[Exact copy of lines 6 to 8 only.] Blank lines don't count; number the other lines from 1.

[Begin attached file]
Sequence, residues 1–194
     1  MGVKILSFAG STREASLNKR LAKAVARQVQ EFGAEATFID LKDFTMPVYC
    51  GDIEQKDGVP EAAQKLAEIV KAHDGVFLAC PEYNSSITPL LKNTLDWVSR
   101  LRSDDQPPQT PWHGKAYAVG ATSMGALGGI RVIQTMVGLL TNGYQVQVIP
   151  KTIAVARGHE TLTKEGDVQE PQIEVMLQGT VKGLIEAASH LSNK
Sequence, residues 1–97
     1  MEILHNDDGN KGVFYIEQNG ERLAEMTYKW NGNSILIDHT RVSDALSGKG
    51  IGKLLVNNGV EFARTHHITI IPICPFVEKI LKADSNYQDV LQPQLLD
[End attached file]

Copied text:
Sequence, residues 1–97
     1  MEILHNDDGN KGVFYIEQNG ERLAEMTYKW NGNSILIDHT RVSDALSGKG
    51  IGKLLVNNGV EFARTHHITI IPICPFVEKI LKADSNYQDV LQPQLLD